Global Food Crisis grants support new BVS position in public witness, agriculture in DRC Congo and Rwanda




The Global Food Crisis Fund (GFCF) this week announces three grants, to support a new Brethren Volunteer Service (BVS) position at the Church of the Brethren Office of Public Witness, and for agriculture work in the Democratic Republic of Congo and Rwanda.

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An allocation of up to $15,000 supports a new BVS placement in the Office of Public Witness based in Washington, D.C. This volunteer will focus on advocacy around international and domestic issues related to food sovereignty and food security. Other assignments include starting and promoting a community garden in cooperation with the Washington City Church of the Brethren soup kitchen, and relating to and promoting the Going to the Garden initiative of the Office of Public Witness and the Global Food Crisis Fund. Funds will support a one-year commitment, with the possibility of renewal upon review by the GFCF review panel and necessary approvals.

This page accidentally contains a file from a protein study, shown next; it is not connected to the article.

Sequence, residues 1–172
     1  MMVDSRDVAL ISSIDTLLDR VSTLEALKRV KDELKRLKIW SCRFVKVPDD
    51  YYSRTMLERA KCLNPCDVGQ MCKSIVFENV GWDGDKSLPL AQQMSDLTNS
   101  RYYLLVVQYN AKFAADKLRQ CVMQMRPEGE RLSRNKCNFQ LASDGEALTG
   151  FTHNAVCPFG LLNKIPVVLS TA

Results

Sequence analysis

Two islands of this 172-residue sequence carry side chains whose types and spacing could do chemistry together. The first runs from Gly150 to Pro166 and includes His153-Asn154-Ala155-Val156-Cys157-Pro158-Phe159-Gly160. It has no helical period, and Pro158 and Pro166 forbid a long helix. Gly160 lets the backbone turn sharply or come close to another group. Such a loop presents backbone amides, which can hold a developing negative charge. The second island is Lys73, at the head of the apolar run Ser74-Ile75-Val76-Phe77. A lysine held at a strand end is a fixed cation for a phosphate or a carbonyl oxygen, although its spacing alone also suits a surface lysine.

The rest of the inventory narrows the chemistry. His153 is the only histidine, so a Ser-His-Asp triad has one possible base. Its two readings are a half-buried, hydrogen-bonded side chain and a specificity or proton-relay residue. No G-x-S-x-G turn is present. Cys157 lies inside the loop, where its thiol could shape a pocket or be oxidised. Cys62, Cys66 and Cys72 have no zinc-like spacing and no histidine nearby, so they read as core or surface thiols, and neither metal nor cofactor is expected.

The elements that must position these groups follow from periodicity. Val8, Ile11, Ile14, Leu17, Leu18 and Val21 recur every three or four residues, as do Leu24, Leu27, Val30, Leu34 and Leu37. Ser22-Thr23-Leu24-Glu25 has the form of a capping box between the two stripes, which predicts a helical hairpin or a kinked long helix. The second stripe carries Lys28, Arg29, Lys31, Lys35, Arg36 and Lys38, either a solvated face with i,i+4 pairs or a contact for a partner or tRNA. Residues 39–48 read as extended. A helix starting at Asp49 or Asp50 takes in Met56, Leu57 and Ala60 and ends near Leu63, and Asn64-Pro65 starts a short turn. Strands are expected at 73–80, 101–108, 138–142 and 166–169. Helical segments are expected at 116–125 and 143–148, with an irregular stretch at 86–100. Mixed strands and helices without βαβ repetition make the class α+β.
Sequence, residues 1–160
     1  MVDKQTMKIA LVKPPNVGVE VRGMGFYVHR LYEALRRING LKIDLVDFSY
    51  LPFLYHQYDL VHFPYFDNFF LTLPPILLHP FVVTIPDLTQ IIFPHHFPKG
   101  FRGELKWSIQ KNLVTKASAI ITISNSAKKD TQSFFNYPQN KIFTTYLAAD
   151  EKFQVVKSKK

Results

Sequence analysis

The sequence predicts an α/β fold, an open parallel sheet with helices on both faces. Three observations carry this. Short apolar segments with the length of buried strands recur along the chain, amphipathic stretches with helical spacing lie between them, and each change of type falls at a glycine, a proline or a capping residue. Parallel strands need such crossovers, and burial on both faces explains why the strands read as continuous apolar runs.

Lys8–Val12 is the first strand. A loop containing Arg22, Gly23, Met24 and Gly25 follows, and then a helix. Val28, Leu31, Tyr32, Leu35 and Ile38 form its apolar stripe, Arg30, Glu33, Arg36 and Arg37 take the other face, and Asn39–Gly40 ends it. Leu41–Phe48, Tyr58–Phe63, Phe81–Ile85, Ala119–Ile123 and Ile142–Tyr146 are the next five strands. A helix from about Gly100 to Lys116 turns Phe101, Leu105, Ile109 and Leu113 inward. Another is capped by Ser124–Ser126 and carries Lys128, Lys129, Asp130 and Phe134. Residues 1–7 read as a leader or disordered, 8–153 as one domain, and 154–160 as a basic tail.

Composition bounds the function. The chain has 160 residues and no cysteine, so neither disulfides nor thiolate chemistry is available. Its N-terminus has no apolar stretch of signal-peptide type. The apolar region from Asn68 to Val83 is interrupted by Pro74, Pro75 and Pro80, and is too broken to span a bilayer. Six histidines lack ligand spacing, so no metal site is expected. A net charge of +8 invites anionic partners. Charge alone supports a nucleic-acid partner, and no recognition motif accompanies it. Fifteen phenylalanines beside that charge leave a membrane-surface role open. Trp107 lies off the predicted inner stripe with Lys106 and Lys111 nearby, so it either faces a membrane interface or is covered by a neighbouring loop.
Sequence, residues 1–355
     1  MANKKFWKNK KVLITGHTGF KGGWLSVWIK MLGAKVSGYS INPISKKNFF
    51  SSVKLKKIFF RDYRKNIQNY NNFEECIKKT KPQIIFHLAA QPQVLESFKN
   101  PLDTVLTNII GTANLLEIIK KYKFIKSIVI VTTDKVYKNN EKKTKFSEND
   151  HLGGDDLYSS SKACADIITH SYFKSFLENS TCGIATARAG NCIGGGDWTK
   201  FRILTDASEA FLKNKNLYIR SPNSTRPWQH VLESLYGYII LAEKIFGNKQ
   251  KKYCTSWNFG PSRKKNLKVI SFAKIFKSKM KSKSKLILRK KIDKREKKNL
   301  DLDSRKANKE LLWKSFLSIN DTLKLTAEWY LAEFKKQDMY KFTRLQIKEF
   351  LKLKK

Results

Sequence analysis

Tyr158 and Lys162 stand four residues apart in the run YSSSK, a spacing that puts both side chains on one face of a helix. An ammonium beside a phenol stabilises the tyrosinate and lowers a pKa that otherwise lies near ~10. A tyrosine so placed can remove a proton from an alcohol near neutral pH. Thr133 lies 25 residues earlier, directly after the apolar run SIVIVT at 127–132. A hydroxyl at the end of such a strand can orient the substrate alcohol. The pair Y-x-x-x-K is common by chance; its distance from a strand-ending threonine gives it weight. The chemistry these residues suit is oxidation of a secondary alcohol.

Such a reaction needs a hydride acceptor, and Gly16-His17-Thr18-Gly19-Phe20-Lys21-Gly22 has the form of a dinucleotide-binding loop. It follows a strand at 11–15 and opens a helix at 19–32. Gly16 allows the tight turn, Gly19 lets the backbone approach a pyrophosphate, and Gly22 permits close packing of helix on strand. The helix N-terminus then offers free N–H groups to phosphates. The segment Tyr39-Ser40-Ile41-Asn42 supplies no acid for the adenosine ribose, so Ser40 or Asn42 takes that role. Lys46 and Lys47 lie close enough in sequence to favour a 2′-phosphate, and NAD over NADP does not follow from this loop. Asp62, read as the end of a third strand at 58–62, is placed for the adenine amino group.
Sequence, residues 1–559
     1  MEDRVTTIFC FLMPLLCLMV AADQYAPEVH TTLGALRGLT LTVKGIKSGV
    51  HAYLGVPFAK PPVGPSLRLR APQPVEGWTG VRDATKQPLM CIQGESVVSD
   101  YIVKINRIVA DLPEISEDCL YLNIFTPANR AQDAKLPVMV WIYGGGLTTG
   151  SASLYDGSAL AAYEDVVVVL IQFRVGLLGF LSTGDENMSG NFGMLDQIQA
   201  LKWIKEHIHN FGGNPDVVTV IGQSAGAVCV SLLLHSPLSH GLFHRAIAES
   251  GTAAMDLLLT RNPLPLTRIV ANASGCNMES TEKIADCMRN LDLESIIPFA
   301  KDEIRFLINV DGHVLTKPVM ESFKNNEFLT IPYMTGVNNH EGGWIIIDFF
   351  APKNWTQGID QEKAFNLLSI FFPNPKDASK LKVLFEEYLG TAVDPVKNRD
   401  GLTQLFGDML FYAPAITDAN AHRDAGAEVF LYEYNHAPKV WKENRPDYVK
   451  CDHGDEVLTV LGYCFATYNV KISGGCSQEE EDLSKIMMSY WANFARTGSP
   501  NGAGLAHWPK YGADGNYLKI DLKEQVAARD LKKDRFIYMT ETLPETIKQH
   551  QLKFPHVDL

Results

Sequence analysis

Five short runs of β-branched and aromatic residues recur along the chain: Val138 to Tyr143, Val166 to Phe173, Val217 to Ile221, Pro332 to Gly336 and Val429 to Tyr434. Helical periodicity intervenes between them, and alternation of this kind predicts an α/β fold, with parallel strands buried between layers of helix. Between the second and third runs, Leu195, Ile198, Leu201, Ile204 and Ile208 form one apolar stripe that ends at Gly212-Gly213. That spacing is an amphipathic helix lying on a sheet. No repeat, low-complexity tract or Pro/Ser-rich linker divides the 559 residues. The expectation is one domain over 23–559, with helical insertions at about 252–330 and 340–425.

A GFCF grant of $5,000 supports agriculture work in the Democratic Republic of Congo. The money will help meet the food needs of 100 families of the Twa people (Pygmies) through a project planting maize, casava, and bananas on three teaching fields in the villages of Swima and Ngovi, and also an extension component in Kimbunga where Twa are living in camps and have begun their own gardens. This is the third GFCF grant to this project, which is run by Shalom Ministry for Reconciliation and Development (SHAMIREDE) together with Eglise de Freres du Congo. SHAMIREDE's director, Ron Lubungo, is a leader among the Congo Brethren. Previous allocations to this project amount to $7,500 since December 2011.

A related grant of $5,000 supports agriculture work meeting the food needs of 60 Twa families living in Rwanda. The project is administered by ETOMR (Evangelistic Training Outreach Ministries of Rwanda), a ministry of the Evangelical Friends Church of Gisenyi. The contact person for ETOMR is pastor Etienne Nsanzimana, who has studied at Earlham School of Religion--a sister school to Bethany Theological Seminary, both located in Richmond, Ind. While at ESR, Nsanzimana became friends with Marla Abe, pastor of Carlisle (Pa.) Church of the Brethren, which since 2011 has been supporting this project financially. Previous GFCF grants to the agriculture work of ETOMR total $7,500 since October 2011.

For more about the Global Food Crisis Fund go to www.brethren.org/gfcf .

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